Pilot Study: Suggests Keto is as powerful as Alzheimers Drug

In a small pilot study at the University of Kansas, researches conducted a ketogeneic diet experiment they call KDRAFT which stands for ‘The Ketogenic Diet Retention and Feasibility Trail’ where they fed a ketogenic-type diet, comprised of 70 per cent fat, to a 10 Alzheimer’s patients for three months.

The team behind the KDRAFT ketogenic diet for Alzheimer’s includes principal investigator Dr. Russell Swerdlow (right), Dr. Debra Sullivan, and Dr. Matthew Taylor.

They found that everyone of the 10 Alzheimer’s patients kept the diet and kept on their baseline medications improved, although to varying degrees.

Amazingly, they found that the ketogenic diet, improved the patients Alzheimer’s Disease Assessment Scale score, by an average of 4 points.

Dr. Swerdlow, who presented the study at the Alzheimer’s Association International Conference said “In some studies, patients decline along the lines of 5 points or so per year on this measure, so an improvement of 4 points is quite something.” and “To put the results in perspective, donepezil [a drug] was approved on a 4-point spread between the active and placebo arm over 3 months”

Details of the KDRAFT diet

Dr. Taylor on the research team said “When people think ‘ketogenic,’ they think bacon, eggs, oil, butter and cream, and may have an automatic negative connotation that this is unhealthy eating, but yes, eggs were in there and, because a lot of people really like bacon, there was bacon, too!” so we “tried to steer people toward the healthier ones, like olive oil, avocados, and nuts, I was not as concerned about where the fat came from as about getting there and maintaining ketosis.”

Lots of Vegetables

Dr. Taylor continues “We also focused on “lots of vegetables and to concentrate on nonstarchy vegetables and forgo potatoes, corn, beans, and lima beans, although some people did enjoy peas occasionally. Interestingly We used to be think we had to restrict vegetables or people would go out of ketosis more easily. But that doesn’t seem to be true. We focused a lot on eating vegetables, and everyone increased their vegetable intake dramatically. We actually tried to use vegetables as a vehicle for fat. For example, people would roast Brussels sprouts or broccoli in olive oil and then put melted butter on it. It was pretty much, ‘Eat all the vegetables you can and put fat on them.’”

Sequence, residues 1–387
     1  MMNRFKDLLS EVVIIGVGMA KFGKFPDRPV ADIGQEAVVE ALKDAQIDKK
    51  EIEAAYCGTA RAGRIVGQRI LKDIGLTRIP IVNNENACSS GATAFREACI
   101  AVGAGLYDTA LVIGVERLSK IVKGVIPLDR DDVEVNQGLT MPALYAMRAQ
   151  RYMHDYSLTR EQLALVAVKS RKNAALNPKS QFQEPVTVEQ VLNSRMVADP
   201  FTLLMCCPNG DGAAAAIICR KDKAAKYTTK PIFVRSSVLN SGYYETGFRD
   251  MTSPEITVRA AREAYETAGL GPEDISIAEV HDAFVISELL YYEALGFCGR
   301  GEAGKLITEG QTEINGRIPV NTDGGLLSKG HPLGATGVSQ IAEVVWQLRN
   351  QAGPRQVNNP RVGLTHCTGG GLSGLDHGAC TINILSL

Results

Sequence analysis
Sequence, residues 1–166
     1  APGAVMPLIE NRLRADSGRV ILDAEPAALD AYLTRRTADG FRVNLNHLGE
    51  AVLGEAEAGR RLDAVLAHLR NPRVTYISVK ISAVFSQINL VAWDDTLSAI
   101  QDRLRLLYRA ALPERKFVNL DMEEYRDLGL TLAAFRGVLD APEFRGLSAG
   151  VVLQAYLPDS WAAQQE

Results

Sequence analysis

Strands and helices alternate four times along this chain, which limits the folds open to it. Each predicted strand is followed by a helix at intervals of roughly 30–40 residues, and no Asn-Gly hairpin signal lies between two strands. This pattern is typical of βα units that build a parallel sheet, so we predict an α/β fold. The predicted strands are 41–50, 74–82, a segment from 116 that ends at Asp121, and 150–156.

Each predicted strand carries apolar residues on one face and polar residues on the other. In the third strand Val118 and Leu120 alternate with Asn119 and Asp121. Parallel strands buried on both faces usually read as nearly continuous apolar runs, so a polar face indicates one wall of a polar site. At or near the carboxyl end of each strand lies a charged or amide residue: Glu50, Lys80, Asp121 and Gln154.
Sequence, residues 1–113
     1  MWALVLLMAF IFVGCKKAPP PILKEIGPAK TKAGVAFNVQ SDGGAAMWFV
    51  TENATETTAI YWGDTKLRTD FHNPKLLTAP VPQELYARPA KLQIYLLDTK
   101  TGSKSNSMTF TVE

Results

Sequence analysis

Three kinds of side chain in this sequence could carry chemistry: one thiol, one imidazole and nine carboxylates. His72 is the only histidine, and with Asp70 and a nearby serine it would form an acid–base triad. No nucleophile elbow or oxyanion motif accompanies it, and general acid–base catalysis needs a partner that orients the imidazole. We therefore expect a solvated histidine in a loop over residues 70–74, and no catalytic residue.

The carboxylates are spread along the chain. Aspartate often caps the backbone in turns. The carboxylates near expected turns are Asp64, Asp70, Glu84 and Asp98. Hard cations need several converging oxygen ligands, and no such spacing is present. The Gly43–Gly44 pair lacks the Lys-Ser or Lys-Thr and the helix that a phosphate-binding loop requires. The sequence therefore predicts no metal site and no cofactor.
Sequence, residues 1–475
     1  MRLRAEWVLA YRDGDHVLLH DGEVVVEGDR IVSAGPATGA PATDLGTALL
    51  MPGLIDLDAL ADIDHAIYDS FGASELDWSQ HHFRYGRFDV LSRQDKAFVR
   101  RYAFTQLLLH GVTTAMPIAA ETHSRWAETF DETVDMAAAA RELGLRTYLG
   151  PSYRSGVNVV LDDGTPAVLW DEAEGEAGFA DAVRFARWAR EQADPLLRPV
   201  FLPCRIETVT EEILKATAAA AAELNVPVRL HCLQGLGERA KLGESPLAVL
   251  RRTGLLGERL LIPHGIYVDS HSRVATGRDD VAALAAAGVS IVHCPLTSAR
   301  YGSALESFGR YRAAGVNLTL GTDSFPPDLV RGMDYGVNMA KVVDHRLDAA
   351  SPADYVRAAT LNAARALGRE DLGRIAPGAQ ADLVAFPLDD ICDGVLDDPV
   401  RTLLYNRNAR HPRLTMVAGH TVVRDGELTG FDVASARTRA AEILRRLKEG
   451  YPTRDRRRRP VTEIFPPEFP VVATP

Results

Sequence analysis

As fruits are full of sugar the study allowed blueberries they said “We had people eating a couple of small handfuls of berries throughout the day and still being able to maintain ketosis. We did severely cut back on the amount and type of fruit people could have, but berries seemed to work well.”

Recipe from the Researchers

Dr. Taylor said “One thing our subjects liked to do was use cream to make a sweet snack.”

Ice Cream Dessert


  • A packet of [stevia] sweetener
  • Some vanilla
  • Heavy cream

Directions: You whip and freeze it and it’s like an ice cream dessert


As this was a small study Dr. Swerdlow says “We have to very careful about over interpreting these findings. It’s a pilot study, and a small group, so we don’t know how genuine the finding is. But if it is true, it’s a big deal.”

Dr. Swerdlow hopes to conduct a larger, longer study – one that would include a control group.